Mar 31, 1996
The Food City 500 was shortened to 342 laps due to rain.
The pit-stop strategy Terry Labonte used in the rain-shortened Food City 500 at Bristol International Raceway on Sunday should have won the race.
The confusing turn of events came between two red flags during the final 11 laps. Gordon was leading when a yellow flag flew on lap 321 because of rain. Labonte was running fifth. The cars ran 11 laps under yellow before NASCAR threw the red flag to stop the cars because of a passing shower. But moments before the red flag flew, Labonte slipped into the pits. Because his car was the last one on the lead lap, he had no concern about losing track position.
As the cars stopped on the backstretch for the red flag, Labonte lined up at the end of the entire field in the single-file line that NASCAR set up. After a 33-minute delay, the rain eased and NASCAR switched from a red to a yellow flag. At this point, the other cars on the lead lap needed to make pit stops. And Labonte should have then inherited the lead.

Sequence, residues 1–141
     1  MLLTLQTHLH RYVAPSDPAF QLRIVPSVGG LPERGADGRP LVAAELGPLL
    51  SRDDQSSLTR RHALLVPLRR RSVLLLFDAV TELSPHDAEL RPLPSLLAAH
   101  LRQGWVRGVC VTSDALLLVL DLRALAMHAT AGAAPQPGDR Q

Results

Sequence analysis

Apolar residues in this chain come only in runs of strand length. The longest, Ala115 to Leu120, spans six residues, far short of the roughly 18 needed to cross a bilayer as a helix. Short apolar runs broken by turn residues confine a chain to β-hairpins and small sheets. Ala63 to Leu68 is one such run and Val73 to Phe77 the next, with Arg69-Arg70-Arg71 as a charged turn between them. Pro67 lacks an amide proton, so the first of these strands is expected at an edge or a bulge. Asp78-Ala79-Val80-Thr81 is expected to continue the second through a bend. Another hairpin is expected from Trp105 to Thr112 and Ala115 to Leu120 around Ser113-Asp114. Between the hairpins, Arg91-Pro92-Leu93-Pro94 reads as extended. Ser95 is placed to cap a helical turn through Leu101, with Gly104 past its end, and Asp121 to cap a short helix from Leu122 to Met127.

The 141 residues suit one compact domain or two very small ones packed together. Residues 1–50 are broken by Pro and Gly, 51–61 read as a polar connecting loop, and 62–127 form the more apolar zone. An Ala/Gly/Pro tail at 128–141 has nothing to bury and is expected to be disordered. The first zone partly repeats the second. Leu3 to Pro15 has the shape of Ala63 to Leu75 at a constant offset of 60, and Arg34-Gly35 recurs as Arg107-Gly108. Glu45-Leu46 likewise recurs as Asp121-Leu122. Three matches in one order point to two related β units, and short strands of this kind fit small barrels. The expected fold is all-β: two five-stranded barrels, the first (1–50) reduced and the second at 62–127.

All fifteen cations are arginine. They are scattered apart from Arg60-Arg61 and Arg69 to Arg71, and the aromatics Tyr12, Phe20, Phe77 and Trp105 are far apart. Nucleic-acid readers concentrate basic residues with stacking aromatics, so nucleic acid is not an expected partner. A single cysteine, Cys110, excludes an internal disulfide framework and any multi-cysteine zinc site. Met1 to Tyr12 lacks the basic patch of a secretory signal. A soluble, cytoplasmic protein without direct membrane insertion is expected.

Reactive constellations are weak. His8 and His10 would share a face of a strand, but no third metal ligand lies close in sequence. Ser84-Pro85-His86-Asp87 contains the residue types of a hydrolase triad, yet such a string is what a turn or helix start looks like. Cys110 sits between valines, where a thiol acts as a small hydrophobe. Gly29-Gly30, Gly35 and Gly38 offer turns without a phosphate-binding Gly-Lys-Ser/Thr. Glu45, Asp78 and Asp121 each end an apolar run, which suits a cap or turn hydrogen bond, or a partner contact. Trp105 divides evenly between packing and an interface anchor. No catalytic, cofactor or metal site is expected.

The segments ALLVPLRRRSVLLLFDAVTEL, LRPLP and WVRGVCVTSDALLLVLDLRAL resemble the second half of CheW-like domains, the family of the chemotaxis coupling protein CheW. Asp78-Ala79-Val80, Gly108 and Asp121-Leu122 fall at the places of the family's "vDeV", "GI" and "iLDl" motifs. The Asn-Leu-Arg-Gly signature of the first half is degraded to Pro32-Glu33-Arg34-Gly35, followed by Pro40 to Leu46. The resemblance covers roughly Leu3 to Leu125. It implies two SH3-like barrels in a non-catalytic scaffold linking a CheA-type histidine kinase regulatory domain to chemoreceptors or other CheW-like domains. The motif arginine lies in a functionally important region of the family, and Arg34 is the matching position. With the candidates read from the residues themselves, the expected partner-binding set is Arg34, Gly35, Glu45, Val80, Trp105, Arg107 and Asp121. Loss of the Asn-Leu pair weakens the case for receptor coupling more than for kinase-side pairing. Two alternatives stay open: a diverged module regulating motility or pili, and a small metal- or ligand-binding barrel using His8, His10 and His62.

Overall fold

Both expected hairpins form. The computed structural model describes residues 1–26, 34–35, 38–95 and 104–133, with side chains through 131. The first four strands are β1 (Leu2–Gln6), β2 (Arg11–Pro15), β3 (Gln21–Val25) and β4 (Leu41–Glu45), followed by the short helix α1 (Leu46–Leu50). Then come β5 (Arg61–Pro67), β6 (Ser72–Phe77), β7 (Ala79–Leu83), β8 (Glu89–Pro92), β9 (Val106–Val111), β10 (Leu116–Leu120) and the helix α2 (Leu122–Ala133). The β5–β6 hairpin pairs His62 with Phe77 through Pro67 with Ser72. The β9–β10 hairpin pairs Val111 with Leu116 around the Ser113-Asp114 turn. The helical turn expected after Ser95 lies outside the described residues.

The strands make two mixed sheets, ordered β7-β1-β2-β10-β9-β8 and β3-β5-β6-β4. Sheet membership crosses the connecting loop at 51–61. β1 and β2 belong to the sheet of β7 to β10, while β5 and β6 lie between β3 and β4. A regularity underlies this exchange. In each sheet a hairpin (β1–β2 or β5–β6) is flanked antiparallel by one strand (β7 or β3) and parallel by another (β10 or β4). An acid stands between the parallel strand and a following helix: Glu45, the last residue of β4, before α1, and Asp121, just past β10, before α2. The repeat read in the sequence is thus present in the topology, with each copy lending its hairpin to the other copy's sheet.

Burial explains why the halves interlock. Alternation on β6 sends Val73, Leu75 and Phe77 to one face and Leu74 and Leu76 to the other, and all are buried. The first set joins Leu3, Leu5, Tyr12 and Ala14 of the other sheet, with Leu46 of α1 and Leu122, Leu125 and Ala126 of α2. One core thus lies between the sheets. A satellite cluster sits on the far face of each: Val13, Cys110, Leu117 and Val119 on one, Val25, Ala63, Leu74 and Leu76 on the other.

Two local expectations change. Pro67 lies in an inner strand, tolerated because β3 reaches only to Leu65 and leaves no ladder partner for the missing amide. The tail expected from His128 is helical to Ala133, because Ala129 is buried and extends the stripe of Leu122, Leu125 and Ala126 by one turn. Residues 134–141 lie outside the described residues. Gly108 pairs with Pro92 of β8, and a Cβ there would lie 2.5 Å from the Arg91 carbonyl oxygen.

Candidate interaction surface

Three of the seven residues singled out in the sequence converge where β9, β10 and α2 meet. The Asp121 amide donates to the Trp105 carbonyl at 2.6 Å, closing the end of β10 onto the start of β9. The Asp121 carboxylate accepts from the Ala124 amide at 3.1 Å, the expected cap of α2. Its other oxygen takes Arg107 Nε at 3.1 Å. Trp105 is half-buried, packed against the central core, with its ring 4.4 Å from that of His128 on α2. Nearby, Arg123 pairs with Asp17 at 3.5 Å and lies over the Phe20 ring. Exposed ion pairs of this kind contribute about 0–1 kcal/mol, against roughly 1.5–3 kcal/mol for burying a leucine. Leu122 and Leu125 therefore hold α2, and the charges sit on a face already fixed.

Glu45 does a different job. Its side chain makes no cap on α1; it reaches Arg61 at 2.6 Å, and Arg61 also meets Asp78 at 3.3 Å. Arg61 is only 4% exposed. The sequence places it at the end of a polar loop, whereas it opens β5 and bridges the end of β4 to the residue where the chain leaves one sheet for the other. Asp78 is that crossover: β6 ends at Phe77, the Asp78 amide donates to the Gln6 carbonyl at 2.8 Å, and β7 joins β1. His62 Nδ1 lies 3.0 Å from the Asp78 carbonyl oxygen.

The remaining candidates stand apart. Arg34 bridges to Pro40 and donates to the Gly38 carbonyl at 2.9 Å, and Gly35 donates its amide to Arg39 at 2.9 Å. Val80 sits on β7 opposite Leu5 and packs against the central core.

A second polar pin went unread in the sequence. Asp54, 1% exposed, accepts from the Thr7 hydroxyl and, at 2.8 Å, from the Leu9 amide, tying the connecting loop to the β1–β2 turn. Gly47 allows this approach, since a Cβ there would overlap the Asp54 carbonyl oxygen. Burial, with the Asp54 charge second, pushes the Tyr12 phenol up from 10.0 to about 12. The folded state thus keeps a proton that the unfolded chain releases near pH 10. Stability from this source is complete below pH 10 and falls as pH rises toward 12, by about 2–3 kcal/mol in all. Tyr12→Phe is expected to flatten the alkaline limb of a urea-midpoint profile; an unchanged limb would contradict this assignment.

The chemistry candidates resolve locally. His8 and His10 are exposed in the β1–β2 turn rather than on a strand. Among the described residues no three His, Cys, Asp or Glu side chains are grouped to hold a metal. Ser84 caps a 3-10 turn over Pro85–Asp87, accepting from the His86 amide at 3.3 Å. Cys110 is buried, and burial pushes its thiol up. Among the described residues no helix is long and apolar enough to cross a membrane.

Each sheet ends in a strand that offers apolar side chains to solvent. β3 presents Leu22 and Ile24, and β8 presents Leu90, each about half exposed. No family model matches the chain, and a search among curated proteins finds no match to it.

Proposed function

But here's what happened: The pace car started up at the end of the backstretch and took the leaders around turns 3 and 4, and let them enter the pits. "When we restarted the pace car and it pulled away, several drivers did not go promptly," Winston Cup director Gary Nelson said. "Labonte could not pass any of those guys. They were dragging their feet. And by the time he got rolling, the leaders were finishing their pit stops." Gordon and Wallace managed to pull out of the pits and re-enter the track before Labonte reached the start/finish line to take the lead. Wallace then pitted again to top off his tank, yielding second place to Labonte.
The green then flew for three laps before Darrell Waltrip crashed, spilling fuel on the track, prompting the third red flag. Then it began to rain again, and that turned out to be the end of it.
"We should have been over in Victory Lane, drinking champagne," said Labonte's crew chief, Gary DeHart. "But I gotta say, yeah, I'm OK with it. "I realize everybody is human and make mistakes. NASCAR should not have opened pit road for the leaders until all the cars got going. But it all worked out. A team car won. And they were better than us on the racetrack."